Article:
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Ivermectin: Wikis


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Systematic (IUPAC) name
Ivermectin (22,23-dihydroavermectin B1a + 22,23-dihydroavermectin B1b)
CAS number 70288-86-7 71827-03-7
ATC code P02CF01 QP54AA01 QS02QA03
PubChem 6474909
DrugBank APRD01058
Chemical data
Formula C 48H74O14 (22,23-dihydroavermectin B1a)
C47H72O14 (22,23-dihydroavermectin B1b) 
Mol. mass 875.10 g/mol
Pharmacokinetic data
Bioavailability  ?
Protein binding 93%
Metabolism liver; CYP450
Half life 18 hours
Excretion feces; <1% urine
Therapeutic considerations
Pregnancy cat. B3(AU) C(US)
Legal status
Routes Oral

Ivermectin (22,23-dihydroavermectin B1a + 22,23-dihydroavermectin B1b) is a broad-spectrum antiparasitic medication.

It is sold under brand names Stromectol in the United States, Mectizan in Canada by Merck and Ivexterm in Mexico by Valeant Pharmaceuticals International.



It is traditionally used against worms, but more recently found to be effective against mites[1][2][3] and some lice too.[4][5]

Ivermectin, under the brand name Mectizan, is currently being used to help eliminate river blindness (onchocerciasis) in the Americas and stop transmission of lymphatic filariasis and onchocerciasis around the world.[6] [7] [8] Currently, large amounts of Ivermectin are donated by Merck to fight river blindness in countries that are unable to afford the drug [9]. The disease is endemic in 30 African countries, 6 Latin American countries and Yemen, according to studies conducted by the World Health Organization. [10] The drug rapidly kills microfilariae but not the adult worms. A single oral dose of ivermectin, taken annually for the 10-15 year life span of the adult worms, is all that is needed to protect the individual from onchocerciasis. [11]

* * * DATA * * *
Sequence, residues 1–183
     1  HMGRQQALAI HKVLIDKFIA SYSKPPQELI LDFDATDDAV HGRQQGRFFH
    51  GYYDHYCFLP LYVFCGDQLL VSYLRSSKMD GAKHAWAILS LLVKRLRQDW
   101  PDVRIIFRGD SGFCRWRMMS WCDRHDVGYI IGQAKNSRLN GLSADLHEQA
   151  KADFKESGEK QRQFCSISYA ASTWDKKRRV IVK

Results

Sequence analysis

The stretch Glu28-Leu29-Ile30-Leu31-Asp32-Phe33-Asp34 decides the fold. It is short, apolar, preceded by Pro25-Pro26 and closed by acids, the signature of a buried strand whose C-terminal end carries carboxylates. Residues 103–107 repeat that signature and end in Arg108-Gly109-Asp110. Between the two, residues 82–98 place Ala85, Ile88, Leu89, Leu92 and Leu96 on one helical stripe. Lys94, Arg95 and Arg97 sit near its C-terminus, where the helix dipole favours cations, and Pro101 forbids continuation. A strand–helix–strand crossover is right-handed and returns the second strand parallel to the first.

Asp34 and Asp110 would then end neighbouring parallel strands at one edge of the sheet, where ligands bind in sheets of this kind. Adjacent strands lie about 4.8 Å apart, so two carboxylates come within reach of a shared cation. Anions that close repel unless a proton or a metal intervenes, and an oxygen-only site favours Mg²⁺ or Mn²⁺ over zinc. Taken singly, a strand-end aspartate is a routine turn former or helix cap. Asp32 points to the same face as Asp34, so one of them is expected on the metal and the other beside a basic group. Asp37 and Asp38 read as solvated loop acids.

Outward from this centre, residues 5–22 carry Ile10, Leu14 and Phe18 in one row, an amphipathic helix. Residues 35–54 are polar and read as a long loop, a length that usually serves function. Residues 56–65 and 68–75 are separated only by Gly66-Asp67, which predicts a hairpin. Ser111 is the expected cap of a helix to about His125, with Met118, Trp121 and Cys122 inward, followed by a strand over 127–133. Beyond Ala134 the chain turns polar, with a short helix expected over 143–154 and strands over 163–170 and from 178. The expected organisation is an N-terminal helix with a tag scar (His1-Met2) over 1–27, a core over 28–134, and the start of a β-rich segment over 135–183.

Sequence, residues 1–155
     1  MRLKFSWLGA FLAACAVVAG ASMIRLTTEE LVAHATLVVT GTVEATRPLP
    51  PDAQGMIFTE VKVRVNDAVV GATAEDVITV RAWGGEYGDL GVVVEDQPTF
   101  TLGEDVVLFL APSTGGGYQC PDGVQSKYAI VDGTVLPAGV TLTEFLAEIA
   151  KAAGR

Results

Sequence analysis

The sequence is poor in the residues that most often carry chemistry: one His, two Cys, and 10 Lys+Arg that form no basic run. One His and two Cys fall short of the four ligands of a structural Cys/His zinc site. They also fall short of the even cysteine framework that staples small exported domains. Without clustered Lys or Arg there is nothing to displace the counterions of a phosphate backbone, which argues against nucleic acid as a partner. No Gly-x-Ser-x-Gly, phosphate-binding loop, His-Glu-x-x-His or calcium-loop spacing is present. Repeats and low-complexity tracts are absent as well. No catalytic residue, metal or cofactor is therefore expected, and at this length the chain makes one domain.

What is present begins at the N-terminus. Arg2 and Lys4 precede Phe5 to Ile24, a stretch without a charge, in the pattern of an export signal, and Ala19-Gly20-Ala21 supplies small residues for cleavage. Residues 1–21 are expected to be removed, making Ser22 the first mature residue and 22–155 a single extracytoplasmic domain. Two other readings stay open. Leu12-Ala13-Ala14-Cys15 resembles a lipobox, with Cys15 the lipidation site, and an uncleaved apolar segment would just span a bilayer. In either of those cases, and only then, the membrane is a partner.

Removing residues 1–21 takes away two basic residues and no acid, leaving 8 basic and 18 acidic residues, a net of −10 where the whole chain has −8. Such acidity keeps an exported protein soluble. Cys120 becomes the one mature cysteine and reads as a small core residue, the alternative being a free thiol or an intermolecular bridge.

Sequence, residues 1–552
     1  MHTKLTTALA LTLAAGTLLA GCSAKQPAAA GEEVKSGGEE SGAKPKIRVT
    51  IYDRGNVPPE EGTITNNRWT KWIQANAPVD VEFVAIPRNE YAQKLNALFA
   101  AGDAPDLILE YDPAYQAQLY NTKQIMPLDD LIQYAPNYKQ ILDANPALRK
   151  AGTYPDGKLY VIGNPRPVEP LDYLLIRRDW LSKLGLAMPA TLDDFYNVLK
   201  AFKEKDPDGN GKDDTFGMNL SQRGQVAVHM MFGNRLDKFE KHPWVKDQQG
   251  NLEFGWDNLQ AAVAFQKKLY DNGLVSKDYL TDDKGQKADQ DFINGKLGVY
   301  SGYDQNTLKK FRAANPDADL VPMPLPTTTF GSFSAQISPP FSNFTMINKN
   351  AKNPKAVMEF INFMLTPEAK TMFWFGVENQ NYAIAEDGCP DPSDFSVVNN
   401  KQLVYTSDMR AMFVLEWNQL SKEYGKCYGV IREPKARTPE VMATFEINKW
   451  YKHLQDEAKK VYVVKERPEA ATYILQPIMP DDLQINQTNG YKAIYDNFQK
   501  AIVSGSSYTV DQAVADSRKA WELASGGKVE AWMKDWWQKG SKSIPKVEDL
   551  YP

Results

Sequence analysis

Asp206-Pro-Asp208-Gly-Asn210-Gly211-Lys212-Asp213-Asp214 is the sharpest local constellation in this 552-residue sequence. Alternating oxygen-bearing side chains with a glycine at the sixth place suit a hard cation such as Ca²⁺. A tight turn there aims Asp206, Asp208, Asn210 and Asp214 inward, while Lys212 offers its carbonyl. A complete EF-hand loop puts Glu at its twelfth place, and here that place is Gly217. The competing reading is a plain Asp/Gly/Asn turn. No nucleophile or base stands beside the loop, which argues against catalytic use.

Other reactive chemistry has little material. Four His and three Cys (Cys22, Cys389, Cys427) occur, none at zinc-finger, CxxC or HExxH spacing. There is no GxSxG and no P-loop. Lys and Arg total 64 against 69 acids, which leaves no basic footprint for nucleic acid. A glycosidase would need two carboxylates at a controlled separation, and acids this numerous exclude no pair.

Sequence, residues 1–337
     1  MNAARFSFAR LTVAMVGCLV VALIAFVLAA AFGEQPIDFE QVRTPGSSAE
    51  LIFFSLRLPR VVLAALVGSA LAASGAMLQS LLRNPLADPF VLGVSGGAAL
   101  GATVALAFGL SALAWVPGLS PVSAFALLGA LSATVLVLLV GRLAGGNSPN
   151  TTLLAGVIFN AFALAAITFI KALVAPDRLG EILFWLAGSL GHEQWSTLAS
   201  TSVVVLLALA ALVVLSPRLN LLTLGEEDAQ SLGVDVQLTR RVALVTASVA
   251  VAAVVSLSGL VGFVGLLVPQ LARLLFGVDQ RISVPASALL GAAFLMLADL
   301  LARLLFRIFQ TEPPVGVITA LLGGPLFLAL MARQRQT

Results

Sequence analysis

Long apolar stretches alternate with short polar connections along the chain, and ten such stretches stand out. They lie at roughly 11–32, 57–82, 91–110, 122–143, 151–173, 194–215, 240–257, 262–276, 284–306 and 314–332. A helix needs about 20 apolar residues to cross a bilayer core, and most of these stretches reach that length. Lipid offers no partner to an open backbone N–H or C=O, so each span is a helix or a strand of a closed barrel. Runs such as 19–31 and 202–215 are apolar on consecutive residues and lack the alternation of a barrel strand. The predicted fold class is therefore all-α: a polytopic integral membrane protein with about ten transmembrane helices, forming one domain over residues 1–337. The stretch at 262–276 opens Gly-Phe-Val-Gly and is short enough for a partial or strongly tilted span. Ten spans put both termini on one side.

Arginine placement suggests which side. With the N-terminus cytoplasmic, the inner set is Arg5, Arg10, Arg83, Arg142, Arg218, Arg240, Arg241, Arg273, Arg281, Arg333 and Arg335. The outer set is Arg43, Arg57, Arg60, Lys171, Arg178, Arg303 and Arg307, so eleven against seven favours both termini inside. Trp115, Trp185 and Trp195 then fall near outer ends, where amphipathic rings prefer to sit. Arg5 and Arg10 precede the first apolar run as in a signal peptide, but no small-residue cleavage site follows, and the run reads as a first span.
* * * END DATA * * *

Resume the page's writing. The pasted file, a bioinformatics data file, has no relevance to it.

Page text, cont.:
Veterinary use

Ivermectin is also used in veterinary medicine, particularly for horses and dogs. It is sometimes mixed with other medications to reach a wide spectrum of animal parasites. Some collie breeds (especially the Rough Collie and the Smooth Collie) are affected by a genetic defect, a mutation within the MDR1 gene. Affected dogs are very sensitive to some drugs, such as Ivermectin, as well as to some antibiotics, opioids and steroids – over 100 drugs in total.


Ivermectin and other avermectins (insecticides most frequently used in home-use ant baits) are macrocyclic lactones derived from the bacterium Streptomyces avermitilis. Ivermectin kills by interfering with nervous system and muscle function, in particular by enhancing inhibitory neurotransmission.

The drug binds and activates glutamate-gated chloride channels (GluCls)[12]. GluCls are invertebrate-specific members of the Cys-loop family of ligand-gated ion channels present in neurons and myocytes.


Ivermectin can be given either per os or parenterally. It does not readily cross the blood-brain barrier of mammals, although crossing may still become significant if ivermectin is given at high doses (in which case, brain levels peak 2-5 hours after administration).